Republicans

Sen. Sam Brownback (R-Kan.)
With his recent fact-finding trip to Iraq and public objections to Bush’s military surge, Brownback is signaling to voters that he disagrees with the administration’s military policies. During the primaries, voters will have to decide if his new dovish stance is enough to make up for his initial support of the war. Don’t be surprised, however, if his social views become a campaign issue – he opposes abortion even in cases of rape or incest, a platform that may hurt him in the primaries.

Sen. John Mccain (R-Ariz.)
McCain’s appeal to independents and moderate Democrats makes him a formidable opponent in any presidential race. His military experience – he was a prisoner of war in Vietnam – fundraising abilities and campaign finance reform initiatives are just a few of his Oval Office-worthy traits. But his consistent support of Bush’s policies in Iraq – including his compromise on the use of torture on prisoners – may threaten his presidential ambitions.

Democrats

Sen. Hillary Clinton (D-N.Y.)
Although some fellow classmates cringe at the mention of her candidacy, Clinton will be a major contender for the 2008 Democratic nomination. In light of her successful Senate term and recent swing to the center, she is not to be underestimated. Although her staunchest opponents write her off as a polarizing opportunist, Hillary’s supporters seem ecstatic at the prospect of having another Clinton in the White House.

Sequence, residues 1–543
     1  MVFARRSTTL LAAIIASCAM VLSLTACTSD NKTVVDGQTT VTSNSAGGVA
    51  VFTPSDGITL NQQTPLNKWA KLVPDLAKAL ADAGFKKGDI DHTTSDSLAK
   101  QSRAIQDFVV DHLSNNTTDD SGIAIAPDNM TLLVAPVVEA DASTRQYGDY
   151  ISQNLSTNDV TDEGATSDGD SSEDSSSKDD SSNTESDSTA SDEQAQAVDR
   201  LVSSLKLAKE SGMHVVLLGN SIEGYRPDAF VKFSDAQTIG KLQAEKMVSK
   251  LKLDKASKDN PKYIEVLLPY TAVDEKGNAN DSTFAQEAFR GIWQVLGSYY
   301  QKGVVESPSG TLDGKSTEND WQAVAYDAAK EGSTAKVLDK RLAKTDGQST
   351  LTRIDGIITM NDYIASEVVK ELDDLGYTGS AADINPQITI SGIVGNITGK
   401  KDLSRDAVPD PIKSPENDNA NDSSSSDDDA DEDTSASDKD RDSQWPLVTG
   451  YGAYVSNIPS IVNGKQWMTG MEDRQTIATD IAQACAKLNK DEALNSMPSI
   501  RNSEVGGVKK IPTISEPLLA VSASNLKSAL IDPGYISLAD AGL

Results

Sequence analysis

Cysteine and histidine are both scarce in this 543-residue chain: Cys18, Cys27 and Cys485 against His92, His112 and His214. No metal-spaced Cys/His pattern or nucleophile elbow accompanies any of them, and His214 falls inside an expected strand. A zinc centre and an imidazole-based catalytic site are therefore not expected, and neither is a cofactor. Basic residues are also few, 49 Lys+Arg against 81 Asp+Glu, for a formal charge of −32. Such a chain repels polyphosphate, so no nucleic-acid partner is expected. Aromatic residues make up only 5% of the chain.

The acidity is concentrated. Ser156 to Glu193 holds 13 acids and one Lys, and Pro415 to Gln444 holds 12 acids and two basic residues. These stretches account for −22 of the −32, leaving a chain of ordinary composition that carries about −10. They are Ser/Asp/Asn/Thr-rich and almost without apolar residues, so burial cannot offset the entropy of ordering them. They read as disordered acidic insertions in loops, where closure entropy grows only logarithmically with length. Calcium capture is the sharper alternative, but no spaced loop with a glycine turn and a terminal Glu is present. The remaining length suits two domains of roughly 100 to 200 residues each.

Sen. Barack Obama (D-Ill.)
Although it’s not usual for an underclassman to win this particular superlative, Obama seems unafraid of his own lack of experience. His coming-out party – the 2004 Democratic National Convention – instantly sparked talk of a 2008 presidential nomination. And why not? Armed with first-rate oratory skills and an idealistic vision to change the face of America, Obama may be the alternative voters are looking for.

Sen. Joseph Biden (D-Del.)
There is something to be said for experience. Currently serving his sixth Senate term, Biden heads up the Senate Committee on Foreign Relations. While there is some speculation that his senior status will hurt his bid for the presidency, he doesn’t seem too concerned. He officially announced his intention to run for president on NBC’s Meet the Press on Jan. 7.

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